- Weekly consumption of fish, poultry, potatoes, olives, pulses, and nuts (4 to 6 servings/week), as well as more rarely eggs and sweets (1 to 3 servings/week), and monthly consumption of red meat and meat products (4 to 5 servings/month)
- Moderate consumption of wine (1 to 2 wine glasses/day)
- Moderate consumption of fat, and a high monounsaturated to saturated fat ratio.
So zebra just once a monthMay 25, 2009 at 6:55 pm #4643
Thanks to all for your replies. What are your thoughts on using a rhuematologist v gp for gout advice and guidance? Is this the right path to take?
I am struggling with baking soda as it gives me diahrea – not as bad as colchicine though! Not sure how that will go in Africa. Unfortunately, my recent gout attack has still not subsided (but has relented on my big toe) and has moved to the side of my foot, and my fingers and wrists are getting a hell of a workover also.
The advice I keep getting and reading is to start on Allopurinal when the gout has stopped. But my gout hasn't stopped in a couple of years. In fact, the pain is unbearable if I stop taking dicloflenac. So, presumably I start taking allopurinal any time now – well, when I return from Africa that is?May 26, 2009 at 3:33 am #4649
You can get brilliant GPs who are well versed in the latest gout treatments, and you can get some who haven't really taken much notice since med school. The former will know that you need a well monitored plan for keeping blood uric acid below 6mg/dL, with appropriate pain control until existing uric acid crystals have dissolved. The latter will often tell you to take 300mg allopurinol for the rest of your life, and leave it at that.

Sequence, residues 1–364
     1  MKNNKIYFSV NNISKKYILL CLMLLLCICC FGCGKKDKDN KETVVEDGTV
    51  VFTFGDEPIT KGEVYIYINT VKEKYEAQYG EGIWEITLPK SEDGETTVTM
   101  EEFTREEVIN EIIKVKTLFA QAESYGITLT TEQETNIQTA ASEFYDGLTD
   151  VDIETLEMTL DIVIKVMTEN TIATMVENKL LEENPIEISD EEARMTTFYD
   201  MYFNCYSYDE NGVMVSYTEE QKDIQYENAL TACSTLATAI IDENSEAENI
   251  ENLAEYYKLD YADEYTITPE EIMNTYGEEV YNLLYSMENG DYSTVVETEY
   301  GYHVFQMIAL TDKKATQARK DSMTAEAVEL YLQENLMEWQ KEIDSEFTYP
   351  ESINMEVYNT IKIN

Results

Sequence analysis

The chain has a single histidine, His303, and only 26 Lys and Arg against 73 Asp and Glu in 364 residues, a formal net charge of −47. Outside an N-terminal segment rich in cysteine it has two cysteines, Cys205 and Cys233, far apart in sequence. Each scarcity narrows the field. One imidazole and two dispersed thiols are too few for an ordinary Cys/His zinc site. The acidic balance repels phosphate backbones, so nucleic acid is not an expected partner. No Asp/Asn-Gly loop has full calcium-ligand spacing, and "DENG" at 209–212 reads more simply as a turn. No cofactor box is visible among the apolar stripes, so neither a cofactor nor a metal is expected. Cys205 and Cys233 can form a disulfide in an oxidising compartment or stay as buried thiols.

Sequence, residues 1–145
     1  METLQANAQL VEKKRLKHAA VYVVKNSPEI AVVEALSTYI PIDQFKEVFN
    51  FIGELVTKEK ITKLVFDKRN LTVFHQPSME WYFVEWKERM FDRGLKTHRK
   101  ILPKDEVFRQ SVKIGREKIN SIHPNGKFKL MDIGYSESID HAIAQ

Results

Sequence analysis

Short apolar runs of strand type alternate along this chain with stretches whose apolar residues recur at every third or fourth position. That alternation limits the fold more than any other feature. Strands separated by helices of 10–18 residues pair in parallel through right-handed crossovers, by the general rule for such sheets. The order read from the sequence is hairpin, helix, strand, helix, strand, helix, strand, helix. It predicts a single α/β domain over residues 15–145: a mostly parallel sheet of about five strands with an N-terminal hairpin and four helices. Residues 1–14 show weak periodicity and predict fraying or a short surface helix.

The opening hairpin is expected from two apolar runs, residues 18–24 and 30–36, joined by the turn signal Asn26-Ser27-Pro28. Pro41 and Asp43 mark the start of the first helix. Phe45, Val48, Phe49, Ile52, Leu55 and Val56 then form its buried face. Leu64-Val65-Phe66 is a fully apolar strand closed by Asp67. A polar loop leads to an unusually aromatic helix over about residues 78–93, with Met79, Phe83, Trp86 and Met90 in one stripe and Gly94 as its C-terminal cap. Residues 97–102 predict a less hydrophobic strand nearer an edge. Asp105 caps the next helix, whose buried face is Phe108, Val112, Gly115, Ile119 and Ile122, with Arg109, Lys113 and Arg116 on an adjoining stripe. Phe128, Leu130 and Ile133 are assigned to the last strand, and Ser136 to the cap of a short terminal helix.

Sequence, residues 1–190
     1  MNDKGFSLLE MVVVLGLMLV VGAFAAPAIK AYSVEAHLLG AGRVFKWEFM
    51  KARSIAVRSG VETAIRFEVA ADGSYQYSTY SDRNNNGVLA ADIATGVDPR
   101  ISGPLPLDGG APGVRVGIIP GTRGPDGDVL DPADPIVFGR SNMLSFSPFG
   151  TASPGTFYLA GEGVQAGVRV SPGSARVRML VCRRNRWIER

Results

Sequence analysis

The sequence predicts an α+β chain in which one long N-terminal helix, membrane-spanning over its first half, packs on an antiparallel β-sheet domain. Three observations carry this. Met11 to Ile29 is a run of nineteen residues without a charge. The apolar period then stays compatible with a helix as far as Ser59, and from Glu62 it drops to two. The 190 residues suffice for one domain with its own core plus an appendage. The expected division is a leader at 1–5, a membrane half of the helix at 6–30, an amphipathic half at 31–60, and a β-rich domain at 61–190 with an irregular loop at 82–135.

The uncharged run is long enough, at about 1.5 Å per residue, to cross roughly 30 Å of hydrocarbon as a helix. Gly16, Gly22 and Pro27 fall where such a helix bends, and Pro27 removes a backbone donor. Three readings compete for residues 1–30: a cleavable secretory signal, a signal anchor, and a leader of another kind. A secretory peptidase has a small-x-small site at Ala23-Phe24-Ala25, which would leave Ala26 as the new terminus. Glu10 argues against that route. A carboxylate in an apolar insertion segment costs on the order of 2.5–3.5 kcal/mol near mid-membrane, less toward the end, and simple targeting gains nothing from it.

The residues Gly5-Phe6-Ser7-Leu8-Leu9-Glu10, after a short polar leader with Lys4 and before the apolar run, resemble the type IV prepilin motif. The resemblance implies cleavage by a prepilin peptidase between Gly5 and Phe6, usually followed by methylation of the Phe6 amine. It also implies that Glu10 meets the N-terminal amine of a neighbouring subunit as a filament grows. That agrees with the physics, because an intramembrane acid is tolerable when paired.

A rheumatologist is much more likely to understand gout, but as with all professions you get good and bad.
Go with whoever gives you the clearest and most confident explanation of how they intend to achieve the plan shown in bold.July 16, 2009 at 9:46 pm #4949
This seems to be a UK strand, and it's interesting to hear your stories. I wonder how it went in Africa? It's nearly 4 in the morning and that's why I'm posting coz my knee has been a bastard for last week, elbow very tophii though little pain. Ankles starting to talk. I'm not a big 'hydrater', but I've certainly been drinking more coffee and beer and less water last few weeks. Need to work on this as I've been living away from home. My first experience of mu;tiple joint attacks
Good to hear from you
LancsJuly 19, 2009 at 6:13 pm #4978Glenn60Participant
Dear “maxed out on gout” and other readers: I get twinges just thinking about your description of your gout, it must be frightful! Maybe my story can help although I can't claim to have had the problem to that degree.